For the example below, first variables are established to handle the square size, number of squares, border size and canvas size. After these variables are defined, the p5.js `setup()` function is called to create the canvas and draw the board. The board itself is created using a nested for loop as above but with the p5.js `rect()` function to create alternating color squares instead of the `console.log()` characters. The resulting design looks like this:

And the code looks like:

``````// The variables for the scene
let canvas;
let size = 8;
let tileSize = 50;
let border = 50;
let canvasWidth = (size*tileSize)+(border*2);
let canvasHeight = (size*tileSize)+(border*2);

// The setup function to create and place the canvas and run
// the board function.
function setup() {
canvas = createCanvas(canvasWidth, canvasHeight);
canvas.parent('chess-board-2');
noStroke();
// The board function being called
makeBoard2();
}

// The draw function is empty in this example.
function draw() {
}

// The function housing the nested for loop
let makeBoard2 = function() {
background(120);
for (let i = 0; i < size; i++) {
for (let j = 0; j < size; j++) {
if ((i + j) % 2 == 0) {
// The color being set for the tile.
fill(0);
} else {
// The color being set for the tile.
fill(255);
}
// Draw the tile with the given color.
rect(border+(i*tileSize), border+(j*tileSize), tileSize);
}
}
}
``````

Just like the `console.log()` example, a variable called ‘size’ is used to define the number of squares in the grid. The for loop here allows 64 rectangles to be drawn while only needing 1 instance of the `rect()` function.

## Nested For Loop in Three.js (3D Chess Board)

This example will use the same nested for loop logic in a different library, this one used for creating 3D spaces in JavaScript called Three.js. You can get started with Three.js here:

https://threejs.org/docs/index.html#manual/en/introduction/Creating-a-scene

In the example below, a scene is created and then the colors and shapes are defined. After this, the nested for loop is implemented to render the tiles of the board and add them to the scene. After, the camera is set and the animation is defined within the render() function. This results in the the following scene:

And the code looks like this:

``````// Create and place a scene with Three.js
const container = document.getElementById('chess-board-3');

const scene = new THREE.Scene();
const camera = new THREE.PerspectiveCamera(
50,
500 / 500,
0.1,
1000
);
const renderer = new THREE.WebGLRenderer();
renderer.setClearColor(0x787878);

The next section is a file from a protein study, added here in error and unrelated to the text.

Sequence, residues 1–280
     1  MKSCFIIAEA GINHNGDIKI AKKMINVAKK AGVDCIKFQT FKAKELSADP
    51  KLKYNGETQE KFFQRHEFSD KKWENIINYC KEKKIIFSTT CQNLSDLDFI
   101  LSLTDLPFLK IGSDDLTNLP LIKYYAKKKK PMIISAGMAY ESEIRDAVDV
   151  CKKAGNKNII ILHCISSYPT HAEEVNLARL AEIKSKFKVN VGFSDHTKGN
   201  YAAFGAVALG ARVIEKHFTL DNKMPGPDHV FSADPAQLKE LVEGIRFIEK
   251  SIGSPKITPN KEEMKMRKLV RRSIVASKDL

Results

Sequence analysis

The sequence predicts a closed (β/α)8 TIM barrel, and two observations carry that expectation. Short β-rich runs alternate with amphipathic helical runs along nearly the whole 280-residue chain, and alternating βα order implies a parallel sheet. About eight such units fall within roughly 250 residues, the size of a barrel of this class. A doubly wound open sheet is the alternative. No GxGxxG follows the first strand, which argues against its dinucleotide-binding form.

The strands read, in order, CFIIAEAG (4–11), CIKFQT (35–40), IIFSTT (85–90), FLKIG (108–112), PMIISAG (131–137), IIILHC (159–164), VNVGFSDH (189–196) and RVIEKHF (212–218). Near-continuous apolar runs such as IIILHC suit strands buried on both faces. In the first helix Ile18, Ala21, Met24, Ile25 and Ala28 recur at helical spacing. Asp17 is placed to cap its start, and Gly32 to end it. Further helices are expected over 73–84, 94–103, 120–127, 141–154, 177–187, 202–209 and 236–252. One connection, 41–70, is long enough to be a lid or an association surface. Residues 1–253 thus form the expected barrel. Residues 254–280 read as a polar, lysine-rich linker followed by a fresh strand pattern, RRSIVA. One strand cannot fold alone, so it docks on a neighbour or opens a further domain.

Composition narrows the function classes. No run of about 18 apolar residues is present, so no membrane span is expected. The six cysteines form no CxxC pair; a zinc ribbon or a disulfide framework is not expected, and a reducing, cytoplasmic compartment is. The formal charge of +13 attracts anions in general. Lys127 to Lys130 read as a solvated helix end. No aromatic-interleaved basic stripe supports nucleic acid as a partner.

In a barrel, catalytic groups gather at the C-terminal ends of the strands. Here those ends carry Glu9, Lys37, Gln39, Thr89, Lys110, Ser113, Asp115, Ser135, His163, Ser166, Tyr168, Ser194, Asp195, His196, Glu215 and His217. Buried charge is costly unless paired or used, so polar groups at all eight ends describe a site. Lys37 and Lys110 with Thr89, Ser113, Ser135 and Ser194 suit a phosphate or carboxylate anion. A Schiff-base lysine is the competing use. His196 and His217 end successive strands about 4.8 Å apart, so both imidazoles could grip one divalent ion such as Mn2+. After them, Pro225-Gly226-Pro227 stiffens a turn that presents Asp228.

renderer.setPixelRatio(window.devicePixelRatio);
renderer.setSize(500, 500);
container.appendChild(renderer.domElement);

// Board Materials
const whiteMat = new THREE.MeshStandardMaterial({
color: 0xffffff
})
const blackMat = new THREE.MeshStandardMaterial({
color: 0x000000
})

// Board Geometry
const tileShape = new THREE.BoxGeometry(1, 1, 1);

// Wireframe (for white cubes)
const matLineBasic = new THREE.LineBasicMaterial({
color: 0x000000
});
let wireframe = new THREE.WireframeGeometry(tileShape);
let line = new THREE.LineSegments(wireframe, matLineBasic);

// Group for Board (group used to rotate all cubes at once)
const board = new THREE.Group();

// Function for creating the board
const makeBoard3 = function() {
var size = 8;
for (let i = 0; i < size; i++) {
for (let j = 0; j < size; j++) {
if ((i + j) % 2 == 0) {
let tile = new THREE.Mesh(tileShape, whiteMat);
tile.position.set(i - 3.5, j - 3.5, 0);
let wireframe = new THREE.WireframeGeometry(tileShape);
let line = new THREE.LineSegments(wireframe, matLineBasic);
line.position.set(i - 3.5, j - 3.5, 0);
} else {
let tile = new THREE.Mesh(tileShape, blackMat);
tile.position.set(i - 3.5, j - 3.5, 0);
}
}
}
}

// Call board function
makeBoard3();

// Position our camera so we can see the shape
camera.position.z = 10;
camera.position.y = -12;
camera.position.x = 0;
camera.rotation.x = 45 * Math.PI / 180;
//camera.rotation.z = 20 * Math.PI / 180;

// Add a directional light to the scene
const directionalLight = new THREE.DirectionalLight(0xffffff, 0.7);

// Add an ambient light to the scene
const ambientLight = new THREE.AmbientLight(0xffffff, 0.95);

// Define and then call the render loop
// Define
function render() {
requestAnimationFrame(render);
board.rotation.z += 0.005;
renderer.render(scene, camera);
}
// Call the render function
render();
``````

## Conclusion

The repository for this site can be found here:

https://github.com/Chelsea-Thompto-Teaching-Examples/chess-board-example

This example was rewritten as part of a larger project, byhand.website. This project is an open guide to creating websites by hand and can be explored here:

https://byhand.website